D. E. Aspnes, “The accurate determination of optical properties by ellipsometry,” in Handbook of Optical Constants of Solids, E. D. Palik, ed. (Academic, Orlando, Fla., 1985), pp. 89–112.

D. E. Aspnes, “Spectroscopic ellipsometry of solids,” in Optical Properties of Solids: New Developments, B. O. Seraphin, ed. (North-Holland, Amsterdam, 1976), pp. 799–846.

Bennett, H. E.

S. F. Nee, H. E. Bennett, “Ellipsometric characterization of optical constants for transparent materials,” in Properties and Characteristics of Optical Glass, A. J. Marker, ed., Proc. Soc. Photo-Opt. Instrum. Eng.970, 62–69 (1988).
[Crossref]

S. F. Nee, H. E. Bennett, “Optical characterization of transparent materials using ellipsometry,” in Laser-Induced Damage in Optical Materials: 1989, H. E. Bennett, L. L. Chase, A. H. Guenther, B. E. Newman, M. J. Soileau, eds., Proc. Soc. Photo-Opt. Instrum. Eng.1438, 10–23 (1989).

S. F. Nee, H. E. Bennett, “A simple high precision extinction method for measuring refractive index of transparent materials,” in Laser-Induced Damage in Optical Materials: 1990, H. E. Bennett, L. L. Chase, A. H. Guenther, B. E. Newman, M. J. Soileau, eds., Proc. Soc. Photo-Opt. Instrum. Eng.1441, 31–37 (1990).
[Crossref]

Bruggeman, D. A. G.

D. A. G. Bruggeman, “Berechung verschiedener physikalischer Konstanten von heterogenen Substanzen. I. Dielektrizitätskonstanten und Leitfähigkeiten der Mischkörper aus isotropen Substanzen,” Ann. Phys. (Leipzig) 24, 636–679 (1935).

Chang, E. C.

J. P. Marton, E. C. Chang, “Surface roughness interpretation of ellipsometer measurements using the Maxwell-Garnett theory,” J. Appl. Phys. 45, 5008–5014 (1974).
[Crossref]

Dodge, M. J.

Hottier, F.

D. E. Aspnes, B. Theeten, F. Hottier, “Investigation of effective medium models of microscopic surface roughness by spectroscopic ellipsometry,” Phys. Rev. B 20, 3292–3302 (1979).
[Crossref]

Malitson, I. H.

Marton, J. P.

J. P. Marton, E. C. Chang, “Surface roughness interpretation of ellipsometer measurements using the Maxwell-Garnett theory,” J. Appl. Phys. 45, 5008–5014 (1974).
[Crossref]

Maxwell-Garnett, J. C.

J. C. Maxwell-Garnett, “Colours in metal glasses in metallic films and in solutions,” Philos. Trans. R. Soc. London 205, 237 (1906).
[Crossref]

Nee, S. F.

S. F. Nee, H. E. Bennett, “Optical characterization of transparent materials using ellipsometry,” in Laser-Induced Damage in Optical Materials: 1989, H. E. Bennett, L. L. Chase, A. H. Guenther, B. E. Newman, M. J. Soileau, eds., Proc. Soc. Photo-Opt. Instrum. Eng.1438, 10–23 (1989).

S. F. Nee, H. E. Bennett, “A simple high precision extinction method for measuring refractive index of transparent materials,” in Laser-Induced Damage in Optical Materials: 1990, H. E. Bennett, L. L. Chase, A. H. Guenther, B. E. Newman, M. J. Soileau, eds., Proc. Soc. Photo-Opt. Instrum. Eng.1441, 31–37 (1990).
[Crossref]

S. F. Nee, H. E. Bennett, “Ellipsometric characterization of optical constants for transparent materials,” in Properties and Characteristics of Optical Glass, A. J. Marker, ed., Proc. Soc. Photo-Opt. Instrum. Eng.970, 62–69 (1988).
[Crossref]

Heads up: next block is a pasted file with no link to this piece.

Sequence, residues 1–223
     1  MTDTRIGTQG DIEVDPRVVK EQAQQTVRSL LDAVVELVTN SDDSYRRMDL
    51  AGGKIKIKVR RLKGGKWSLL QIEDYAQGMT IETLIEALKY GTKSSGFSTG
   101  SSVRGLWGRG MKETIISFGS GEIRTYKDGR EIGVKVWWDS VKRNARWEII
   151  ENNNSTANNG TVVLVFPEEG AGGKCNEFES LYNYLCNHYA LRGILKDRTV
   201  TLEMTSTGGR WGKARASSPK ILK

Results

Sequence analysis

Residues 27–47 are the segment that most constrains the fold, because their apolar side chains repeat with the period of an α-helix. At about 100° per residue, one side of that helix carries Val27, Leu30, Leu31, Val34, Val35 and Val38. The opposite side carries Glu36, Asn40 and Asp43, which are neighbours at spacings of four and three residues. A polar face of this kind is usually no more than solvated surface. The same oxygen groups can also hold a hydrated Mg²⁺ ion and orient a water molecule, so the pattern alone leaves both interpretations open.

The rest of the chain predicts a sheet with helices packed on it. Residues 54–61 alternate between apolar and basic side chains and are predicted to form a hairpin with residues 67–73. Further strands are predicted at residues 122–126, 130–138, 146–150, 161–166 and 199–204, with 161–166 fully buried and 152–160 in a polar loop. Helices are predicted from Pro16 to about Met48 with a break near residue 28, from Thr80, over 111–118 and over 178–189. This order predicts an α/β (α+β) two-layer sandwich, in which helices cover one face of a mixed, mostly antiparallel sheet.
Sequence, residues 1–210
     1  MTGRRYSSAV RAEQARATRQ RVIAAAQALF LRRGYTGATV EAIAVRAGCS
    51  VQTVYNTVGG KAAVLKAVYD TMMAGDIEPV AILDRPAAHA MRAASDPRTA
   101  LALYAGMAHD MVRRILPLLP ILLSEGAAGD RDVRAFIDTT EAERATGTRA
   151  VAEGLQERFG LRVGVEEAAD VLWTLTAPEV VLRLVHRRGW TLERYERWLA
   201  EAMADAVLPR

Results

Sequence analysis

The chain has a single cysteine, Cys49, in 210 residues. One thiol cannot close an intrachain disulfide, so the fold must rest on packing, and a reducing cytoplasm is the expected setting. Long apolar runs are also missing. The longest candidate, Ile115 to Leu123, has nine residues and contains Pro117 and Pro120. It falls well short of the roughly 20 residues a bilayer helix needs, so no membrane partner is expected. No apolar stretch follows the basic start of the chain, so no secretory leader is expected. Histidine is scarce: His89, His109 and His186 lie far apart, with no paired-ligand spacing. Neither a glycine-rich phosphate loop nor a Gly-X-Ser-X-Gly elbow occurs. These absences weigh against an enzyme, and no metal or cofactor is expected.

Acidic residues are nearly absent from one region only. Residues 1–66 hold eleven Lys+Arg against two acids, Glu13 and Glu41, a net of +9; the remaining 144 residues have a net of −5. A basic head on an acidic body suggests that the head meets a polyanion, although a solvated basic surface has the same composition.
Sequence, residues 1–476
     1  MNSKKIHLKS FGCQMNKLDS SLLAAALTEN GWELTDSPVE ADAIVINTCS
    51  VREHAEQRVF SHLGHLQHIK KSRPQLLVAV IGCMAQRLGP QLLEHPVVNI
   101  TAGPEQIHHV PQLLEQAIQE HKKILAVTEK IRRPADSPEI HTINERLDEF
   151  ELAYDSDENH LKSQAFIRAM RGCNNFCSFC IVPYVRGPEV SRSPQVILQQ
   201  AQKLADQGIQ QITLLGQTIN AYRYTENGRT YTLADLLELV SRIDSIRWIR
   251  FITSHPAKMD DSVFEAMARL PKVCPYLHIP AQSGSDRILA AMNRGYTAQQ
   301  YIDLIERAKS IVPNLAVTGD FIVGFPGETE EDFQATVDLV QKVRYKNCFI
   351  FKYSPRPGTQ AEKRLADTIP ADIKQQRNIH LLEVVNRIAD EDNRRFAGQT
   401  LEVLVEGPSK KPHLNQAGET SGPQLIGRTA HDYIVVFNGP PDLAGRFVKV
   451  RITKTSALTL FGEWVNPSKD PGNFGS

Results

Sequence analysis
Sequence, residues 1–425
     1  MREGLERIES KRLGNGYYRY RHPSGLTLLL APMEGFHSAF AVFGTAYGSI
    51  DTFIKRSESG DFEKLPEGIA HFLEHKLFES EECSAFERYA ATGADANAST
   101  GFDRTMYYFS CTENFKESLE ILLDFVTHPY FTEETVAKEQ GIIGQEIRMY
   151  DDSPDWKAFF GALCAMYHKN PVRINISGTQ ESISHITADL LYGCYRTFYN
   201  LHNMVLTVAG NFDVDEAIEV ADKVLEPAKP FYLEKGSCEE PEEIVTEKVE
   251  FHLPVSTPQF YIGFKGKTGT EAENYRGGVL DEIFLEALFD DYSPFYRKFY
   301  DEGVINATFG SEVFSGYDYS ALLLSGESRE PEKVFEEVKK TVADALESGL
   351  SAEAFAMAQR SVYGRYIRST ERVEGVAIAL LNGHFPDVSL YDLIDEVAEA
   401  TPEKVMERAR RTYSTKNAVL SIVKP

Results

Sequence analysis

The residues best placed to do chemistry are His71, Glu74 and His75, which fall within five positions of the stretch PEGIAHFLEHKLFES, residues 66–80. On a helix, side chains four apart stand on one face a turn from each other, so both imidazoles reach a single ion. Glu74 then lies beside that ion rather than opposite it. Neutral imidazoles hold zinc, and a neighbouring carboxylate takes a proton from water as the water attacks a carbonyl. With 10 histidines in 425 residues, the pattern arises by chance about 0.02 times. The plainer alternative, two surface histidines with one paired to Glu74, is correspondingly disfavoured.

Nee, S.-M. F.

S.-M. F. Nee, “Error reductions for a serious compensator imperfection for null ellipsometry,” J. Opt. Soc. Am. A 8, 314–321 (1991).
[Crossref]

S.-M. F. Nee, “Ellipsometric analysis for surface roughness and texture,” Appl. Opt. 27, 2819–2831 (1988).
[Crossref] [PubMed]

S.-M. F. Nee, “The effects of incoherent scattering on ellipsometry,” in Polarization Analysis and Measurement, R. A. Chipman, D. H. Goldstein, eds., Proc. Soc. Photo-Opt. Instrum. Eng.1746, 119–127 (1992).
[Crossref]

Philipp, H. R.

H. R. Philipp, “Silicon dioxide (SiO2) Glass,” in Handbook Optical Constants of Solids, E. D. Palik, ed. (Academic, Orlando, Fla., 1985), pp. 749–763.

Theeten, B.

D. E. Aspnes, B. Theeten, F. Hottier, “Investigation of effective medium models of microscopic surface roughness by spectroscopic ellipsometry,” Phys. Rev. B 20, 3292–3302 (1979).
[Crossref]

Ann. Phys. (Leipzig) (1)

D. A. G. Bruggeman, “Berechung verschiedener physikalischer Konstanten von heterogenen Substanzen. I. Dielektrizitätskonstanten und Leitfähigkeiten der Mischkörper aus isotropen Substanzen,” Ann. Phys. (Leipzig) 24, 636–679 (1935).

Appl. Opt. (2)

J. Appl. Phys. (1)

J. P. Marton, E. C. Chang, “Surface roughness interpretation of ellipsometer measurements using the Maxwell-Garnett theory,” J. Appl. Phys. 45, 5008–5014 (1974).
[Crossref]

J. Opt. Soc. Am. (1)

J. Opt. Soc. Am. A (1)

Philos. Trans. R. Soc. London (1)

J. C. Maxwell-Garnett, “Colours in metal glasses in metallic films and in solutions,” Philos. Trans. R. Soc. London 205, 237 (1906).
[Crossref]

Phys. Rev. B (1)

D. E. Aspnes, B. Theeten, F. Hottier, “Investigation of effective medium models of microscopic surface roughness by spectroscopic ellipsometry,” Phys. Rev. B 20, 3292–3302 (1979).
[Crossref]

Thin Solid Films (1)

D. E. Aspnes, “Optical properties of thin films,” Thin Solid Films 89, 249–262 (1982).
[Crossref]

Other (7)

S.-M. F. Nee, “The effects of incoherent scattering on ellipsometry,” in Polarization Analysis and Measurement, R. A. Chipman, D. H. Goldstein, eds., Proc. Soc. Photo-Opt. Instrum. Eng.1746, 119–127 (1992).
[Crossref]